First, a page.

https://www.duolingo.com/isani

Feminine occupations

I noticed that Duolingo uses "ta professeur" for "your (female) teacher". Is this correct? Can "professeur" take an article of either gender, and do all occupations work this way?

May 12, 2012

6 Comments


https://www.duolingo.com/ricainrico

"la professeure" is very old-fashioned, and nowadays "le/la professeur" are both acceptable, or even more common "le/la prof" for short. But this is an exception (along with le/la docteur), as a great majority of occupations change according to the gender of the person, unless the masculin form already ends with an e - le/la secrétaire, le/la dentiste etc.

May 12, 2012

https://www.duolingo.com/giuliap

Usually if the masculine noun ends in -eur and the noun comes from a verb, the feminine form ends in -euse. Otherwise, the feminin form ends in -ice. Ex: "Chanter (verb)" --> Chanteur (m) --> Chanteuse (f) Or "Vendre (verb) --> Vendeur (m) --> Vendeuse (f) Acteur becomes Actrice, and in fact "to act" in French is not "act" (it's jouer or agir).

June 19, 2012

https://www.duolingo.com/juliegolick

Some occupations have specific forms for the feminine, often ending -trice. So, for example, "Directeur" and "Directrice." Some of them have even trickled into English, like "Acteur" and "Actrice."

June 9, 2012

https://www.duolingo.com/mforster1uk

Not to mention "madame le maire" (Madam Mayor), or the title "maître" which is used for both male and female advocates.

And as for military ranks, confusion seems to reign. Officially I believe women take the same masculine ranks as the men, so it would be "le sergent Jeanne Dubois", but there seems to be a lot of variation. When I asked a French (male) officer whether it was correct to talk about "le lieutenant" or "la lieutenante" he replied "You tell me!"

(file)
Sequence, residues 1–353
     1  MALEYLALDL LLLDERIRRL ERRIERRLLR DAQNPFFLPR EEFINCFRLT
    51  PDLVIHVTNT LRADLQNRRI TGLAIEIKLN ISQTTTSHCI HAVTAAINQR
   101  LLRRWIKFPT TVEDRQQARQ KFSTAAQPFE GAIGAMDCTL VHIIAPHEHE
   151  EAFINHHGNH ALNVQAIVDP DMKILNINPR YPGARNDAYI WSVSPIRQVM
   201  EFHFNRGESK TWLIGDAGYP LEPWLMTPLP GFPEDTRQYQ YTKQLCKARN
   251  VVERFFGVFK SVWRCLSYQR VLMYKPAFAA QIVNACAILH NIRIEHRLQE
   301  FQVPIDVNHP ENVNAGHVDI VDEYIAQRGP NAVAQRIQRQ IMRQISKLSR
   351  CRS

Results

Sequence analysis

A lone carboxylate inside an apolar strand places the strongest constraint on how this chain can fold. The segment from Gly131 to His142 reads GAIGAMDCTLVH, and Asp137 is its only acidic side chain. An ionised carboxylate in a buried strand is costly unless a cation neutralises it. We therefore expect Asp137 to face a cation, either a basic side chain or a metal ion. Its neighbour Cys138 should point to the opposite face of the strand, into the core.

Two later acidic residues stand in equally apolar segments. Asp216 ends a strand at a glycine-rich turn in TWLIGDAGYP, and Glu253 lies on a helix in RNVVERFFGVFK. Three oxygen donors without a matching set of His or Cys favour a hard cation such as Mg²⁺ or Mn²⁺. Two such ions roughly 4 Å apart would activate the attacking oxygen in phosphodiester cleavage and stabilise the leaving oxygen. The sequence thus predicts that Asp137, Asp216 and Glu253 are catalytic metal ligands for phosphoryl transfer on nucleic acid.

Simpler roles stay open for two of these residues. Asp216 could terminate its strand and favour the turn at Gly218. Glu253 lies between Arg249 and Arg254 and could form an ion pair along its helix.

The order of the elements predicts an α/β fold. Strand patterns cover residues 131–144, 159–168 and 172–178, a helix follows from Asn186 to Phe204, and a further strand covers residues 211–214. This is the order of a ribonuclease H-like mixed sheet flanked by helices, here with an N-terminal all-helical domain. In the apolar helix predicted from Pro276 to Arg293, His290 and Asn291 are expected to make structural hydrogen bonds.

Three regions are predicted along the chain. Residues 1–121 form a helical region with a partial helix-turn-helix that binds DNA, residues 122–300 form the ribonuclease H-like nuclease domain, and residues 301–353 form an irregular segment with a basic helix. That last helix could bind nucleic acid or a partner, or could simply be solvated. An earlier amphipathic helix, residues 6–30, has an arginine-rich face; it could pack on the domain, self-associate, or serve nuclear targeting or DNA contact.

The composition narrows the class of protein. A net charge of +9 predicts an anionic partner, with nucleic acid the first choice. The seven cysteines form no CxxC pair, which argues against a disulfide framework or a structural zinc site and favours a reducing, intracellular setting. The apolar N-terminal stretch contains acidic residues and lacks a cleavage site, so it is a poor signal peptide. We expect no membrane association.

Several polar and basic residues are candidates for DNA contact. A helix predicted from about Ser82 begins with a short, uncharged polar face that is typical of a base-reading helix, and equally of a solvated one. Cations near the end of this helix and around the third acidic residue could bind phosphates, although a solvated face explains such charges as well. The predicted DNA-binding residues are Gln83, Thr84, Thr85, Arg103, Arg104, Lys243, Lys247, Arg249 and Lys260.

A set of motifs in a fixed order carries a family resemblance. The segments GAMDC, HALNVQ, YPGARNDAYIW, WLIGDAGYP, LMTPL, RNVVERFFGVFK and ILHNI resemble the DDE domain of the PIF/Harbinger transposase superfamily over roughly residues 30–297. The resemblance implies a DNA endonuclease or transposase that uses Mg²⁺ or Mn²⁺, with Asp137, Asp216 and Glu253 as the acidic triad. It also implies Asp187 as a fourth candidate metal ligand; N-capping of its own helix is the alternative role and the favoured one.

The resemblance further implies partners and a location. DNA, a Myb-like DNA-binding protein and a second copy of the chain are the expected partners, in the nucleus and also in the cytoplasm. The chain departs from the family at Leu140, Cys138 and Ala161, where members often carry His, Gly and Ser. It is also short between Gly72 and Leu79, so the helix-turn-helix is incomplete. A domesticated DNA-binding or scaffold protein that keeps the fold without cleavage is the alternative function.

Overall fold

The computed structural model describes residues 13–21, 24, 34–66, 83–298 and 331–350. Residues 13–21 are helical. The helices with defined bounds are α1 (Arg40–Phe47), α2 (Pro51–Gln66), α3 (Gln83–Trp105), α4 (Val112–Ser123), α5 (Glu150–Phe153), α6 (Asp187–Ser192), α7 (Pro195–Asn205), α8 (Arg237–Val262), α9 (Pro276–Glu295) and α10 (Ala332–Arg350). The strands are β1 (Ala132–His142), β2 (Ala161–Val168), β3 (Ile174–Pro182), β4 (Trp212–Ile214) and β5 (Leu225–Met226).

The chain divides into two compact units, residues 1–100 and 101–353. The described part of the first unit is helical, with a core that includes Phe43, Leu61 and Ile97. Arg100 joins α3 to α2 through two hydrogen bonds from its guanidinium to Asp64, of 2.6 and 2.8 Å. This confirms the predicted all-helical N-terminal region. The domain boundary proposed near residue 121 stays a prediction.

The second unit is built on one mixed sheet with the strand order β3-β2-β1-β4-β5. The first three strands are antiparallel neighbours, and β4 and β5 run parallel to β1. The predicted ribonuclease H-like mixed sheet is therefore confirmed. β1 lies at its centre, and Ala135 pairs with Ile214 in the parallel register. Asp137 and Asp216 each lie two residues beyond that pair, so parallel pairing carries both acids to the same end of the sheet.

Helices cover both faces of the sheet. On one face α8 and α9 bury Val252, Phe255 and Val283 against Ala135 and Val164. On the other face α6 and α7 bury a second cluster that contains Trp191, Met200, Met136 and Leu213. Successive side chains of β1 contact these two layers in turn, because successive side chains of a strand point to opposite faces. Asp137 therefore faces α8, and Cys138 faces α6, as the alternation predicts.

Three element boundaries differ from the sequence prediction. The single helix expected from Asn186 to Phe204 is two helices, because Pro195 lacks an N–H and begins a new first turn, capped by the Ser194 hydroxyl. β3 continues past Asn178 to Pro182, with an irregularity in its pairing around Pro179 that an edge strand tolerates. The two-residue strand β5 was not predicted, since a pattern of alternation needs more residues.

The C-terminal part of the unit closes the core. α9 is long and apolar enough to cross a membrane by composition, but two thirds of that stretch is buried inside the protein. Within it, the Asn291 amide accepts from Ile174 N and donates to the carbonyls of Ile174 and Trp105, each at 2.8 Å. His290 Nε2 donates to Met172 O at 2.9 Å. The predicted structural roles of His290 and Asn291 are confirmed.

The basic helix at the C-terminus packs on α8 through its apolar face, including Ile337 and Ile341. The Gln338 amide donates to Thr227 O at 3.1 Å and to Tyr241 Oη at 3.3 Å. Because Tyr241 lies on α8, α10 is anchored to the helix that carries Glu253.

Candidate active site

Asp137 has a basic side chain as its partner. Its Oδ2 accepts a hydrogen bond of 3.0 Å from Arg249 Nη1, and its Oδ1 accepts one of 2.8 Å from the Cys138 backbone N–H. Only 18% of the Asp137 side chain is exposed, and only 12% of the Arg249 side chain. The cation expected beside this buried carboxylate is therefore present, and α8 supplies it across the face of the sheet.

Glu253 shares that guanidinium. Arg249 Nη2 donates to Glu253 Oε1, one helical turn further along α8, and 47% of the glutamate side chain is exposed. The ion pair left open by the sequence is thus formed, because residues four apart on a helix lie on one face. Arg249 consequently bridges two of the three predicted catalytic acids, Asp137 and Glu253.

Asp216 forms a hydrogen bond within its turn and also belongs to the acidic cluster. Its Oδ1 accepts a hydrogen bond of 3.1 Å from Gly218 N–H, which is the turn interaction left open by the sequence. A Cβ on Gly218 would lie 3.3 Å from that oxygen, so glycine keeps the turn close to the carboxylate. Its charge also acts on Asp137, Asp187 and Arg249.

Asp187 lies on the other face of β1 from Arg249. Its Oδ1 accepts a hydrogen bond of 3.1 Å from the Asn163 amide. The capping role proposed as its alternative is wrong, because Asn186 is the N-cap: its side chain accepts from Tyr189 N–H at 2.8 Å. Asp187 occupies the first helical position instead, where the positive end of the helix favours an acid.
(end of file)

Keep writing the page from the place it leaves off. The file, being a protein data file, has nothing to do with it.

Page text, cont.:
Part of the problem is that "Madame la colonelle" traditionally referred to a colonel's wife, not a female colonel.

May 5, 2013

https://www.duolingo.com/meggeorge19

Not all occupations work this way, as some job titles completely change context depending on whether they are in the masculine or feminine. For example 'le couturier' is a fashion designer, whereas 'la couturière' means seamstress. The gender of job titles has actually been an active debate in France for years, linked to gender rights and equality. It is rare for genders to change the meaning of the occupation so dramatically, but I would suggest checking before using a different gender.

May 20, 2013

https://www.duolingo.com/mforster1uk

Le Petit Robert gives the following example of the use of couturier: « Coco Chanel fut un grand couturier »

May 21, 2013
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